Mallory Anderson, freshman at the University of Tennessee at Chattanooga in the Honors College, is a Biochemistry major with a minor in Mathematics. Originally from Memphis, TN, she graduated as Salutatorian. She has also stuttered for as long as she can remember, and has never let that hold her back from accomplishing all of her goals.

From that fateful day when she entered ‘stuttering support groups’ into her search bar, to her first chapter meeting, to the current confidence she has in her own voice, read on to learn more about this superstar’s journey and how the NSA fits into her life.

In January of 2019, the spring semester of my senior year of high school, I was doing a quick Google search of “stuttering support groups,” and I stumbled across the National Stuttering Association’s website. Unaware of their goal or the “services” they offer, I scoured the website and found the section titled “Local Chapters.” Luckily, I found a local chapter just 30 minutes from my house at the time.

At the time I was a 17 year old with her eyes set on college. I was nervous, but not for living on my own or becoming independent. I was nervous about my stutter: how would people react, how would college students react, how would my professors react. Now that I was almost 18, I had finally accepted that my stutter was not just a childhood thing; it would accompany me well into my adult years.

I emailed Eugene, the chapter leader, and asked him if I could attend the next chapter meeting. Of course, he was ecstatic for me to attend. I was apprehensive at first. I had never, until then, openly spoke about my stutter, the struggles that accompany it, and how it has impacted my life.

I pulled up into the church parking lot where we meet and I sat in my car thinking about how I would introduce myself, and whether I could say my name. Then I remembered, “all of these people stutter too–why am I worried?” I had manufactured this false fear that everyone was anxious for me to “just get my words out” or to “just spit it out,” and going into an environment where everyone was patient and didn’t say comments to speed me up was one to look forward to.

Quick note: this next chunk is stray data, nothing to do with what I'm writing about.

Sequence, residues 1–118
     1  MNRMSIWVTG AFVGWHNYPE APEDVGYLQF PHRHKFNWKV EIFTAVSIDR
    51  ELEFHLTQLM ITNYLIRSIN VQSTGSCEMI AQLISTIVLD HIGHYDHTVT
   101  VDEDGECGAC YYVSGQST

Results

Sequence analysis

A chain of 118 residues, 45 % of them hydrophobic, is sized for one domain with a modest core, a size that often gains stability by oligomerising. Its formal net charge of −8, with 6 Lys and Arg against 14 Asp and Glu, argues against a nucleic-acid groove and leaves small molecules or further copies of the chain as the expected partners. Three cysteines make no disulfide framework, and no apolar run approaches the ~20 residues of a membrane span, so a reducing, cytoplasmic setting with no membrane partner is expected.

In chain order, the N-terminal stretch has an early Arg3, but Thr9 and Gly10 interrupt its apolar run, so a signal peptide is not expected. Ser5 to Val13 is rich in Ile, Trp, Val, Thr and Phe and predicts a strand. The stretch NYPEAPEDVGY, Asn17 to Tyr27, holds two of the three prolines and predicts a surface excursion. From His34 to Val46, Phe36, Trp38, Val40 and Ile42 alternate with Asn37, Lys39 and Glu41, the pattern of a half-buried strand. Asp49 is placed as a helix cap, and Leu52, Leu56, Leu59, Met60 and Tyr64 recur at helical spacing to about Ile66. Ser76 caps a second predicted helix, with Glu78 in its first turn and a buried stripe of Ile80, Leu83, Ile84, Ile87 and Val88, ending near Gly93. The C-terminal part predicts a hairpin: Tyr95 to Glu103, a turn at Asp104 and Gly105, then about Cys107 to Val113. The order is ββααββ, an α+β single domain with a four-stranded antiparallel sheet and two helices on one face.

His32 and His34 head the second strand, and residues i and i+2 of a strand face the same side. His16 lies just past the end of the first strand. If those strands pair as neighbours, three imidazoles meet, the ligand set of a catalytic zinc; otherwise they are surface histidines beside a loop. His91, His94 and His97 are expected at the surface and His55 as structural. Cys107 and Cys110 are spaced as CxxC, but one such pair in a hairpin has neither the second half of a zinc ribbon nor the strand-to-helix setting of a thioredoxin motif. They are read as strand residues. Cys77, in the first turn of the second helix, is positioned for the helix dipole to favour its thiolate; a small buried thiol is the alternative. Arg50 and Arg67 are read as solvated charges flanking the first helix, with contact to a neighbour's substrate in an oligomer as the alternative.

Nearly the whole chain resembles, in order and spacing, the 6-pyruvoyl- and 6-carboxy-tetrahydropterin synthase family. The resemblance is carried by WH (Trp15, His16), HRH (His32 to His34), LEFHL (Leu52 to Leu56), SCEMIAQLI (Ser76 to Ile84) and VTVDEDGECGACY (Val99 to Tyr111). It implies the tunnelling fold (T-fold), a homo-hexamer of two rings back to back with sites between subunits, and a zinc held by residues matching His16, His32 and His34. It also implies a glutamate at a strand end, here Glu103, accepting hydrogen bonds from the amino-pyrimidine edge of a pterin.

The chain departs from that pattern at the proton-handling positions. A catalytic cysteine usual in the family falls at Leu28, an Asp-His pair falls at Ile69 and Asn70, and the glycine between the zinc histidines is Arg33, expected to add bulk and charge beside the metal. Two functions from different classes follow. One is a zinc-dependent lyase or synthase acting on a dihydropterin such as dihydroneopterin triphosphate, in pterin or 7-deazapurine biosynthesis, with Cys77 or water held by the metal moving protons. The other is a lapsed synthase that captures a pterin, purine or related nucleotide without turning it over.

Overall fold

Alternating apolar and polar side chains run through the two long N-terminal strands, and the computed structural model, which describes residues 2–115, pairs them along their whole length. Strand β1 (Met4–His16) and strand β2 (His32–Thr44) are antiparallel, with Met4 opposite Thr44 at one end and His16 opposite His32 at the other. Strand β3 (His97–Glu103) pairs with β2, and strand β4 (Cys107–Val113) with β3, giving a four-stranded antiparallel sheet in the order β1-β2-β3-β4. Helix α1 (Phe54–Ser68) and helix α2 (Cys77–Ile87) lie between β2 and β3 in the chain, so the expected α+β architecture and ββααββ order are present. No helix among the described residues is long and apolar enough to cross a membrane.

I walked into a room with a lot of smiling faces. I introduced myself, and stuttered, naturally, and they all still listened intently, almost as if they were on the edge of their seats. The more we got to talking, I realized I was the youngest one there, by far (at least at this first meeting). It was the first time I had ever met an adult who stuttered; now I was in a room full of them. All told stories of their former selves and their successful lives in the workforce. It gave me hope. If they could survive living, working, and loving for all this time with a stutter, surely I would be able to as well.

I met a wide variety of people that day. I met Julie, a retired speech-language pathologist who now travels the country watching ice skating shows. I met Lew, a joyful man that is tirelessly involved in the boy scouts, passionate about the development of young boys into men. I met Eugene, a rehabilitation counselor and Uber Driver on the side, who will talk your ear off if you give him a chance (ironic, right?). I met Maxine, a retired hospital pharmacist who always has a smile on her face. I met RT, a retired General Motors manager who didn’t let his stutter hold him back from moving up the corporate ladder.

I attended every meeting after that month until I started college. I told them stories of my struggles, my triumphs, and just how my day had been going. I even practiced my Salutatorian speech with them a week before my high school graduation ceremony. They became like a second family to me, supporting all my crazy endeavors.

And now that I think about it, we are an unlikely group of friends. Varying ages, races, socioeconomic statuses, current or former occupations, hometowns, likes and dislikes, marital statuses; yet, we all share one common characteristic, we stutter.

I had never been able to, until now, talk with people who truly understand my daily struggles. They understand how hard it is to talk on the phone or order at drive-thrus, the simple daily tasks that everyone takes for granted. Attending the meetings has truly changed my outlook on stuttering. I used to be scared about making new friends, talking to new people, and going to events where I didn’t know anybody else. That fear has made me miss out on some pretty amazing experiences. I don’t want to sit here and wallow about all the “what-ifs” in my life, though. The support group has given me the confidence to not be afraid of what people say or think. It’s my voice, my words, my thoughts, and I deserve to be heard.

If you are a person who stutters, you are not alone. Go find a local chapter (or make your own), and get those sympathetic, radically supportive, and loving friends you have always needed.

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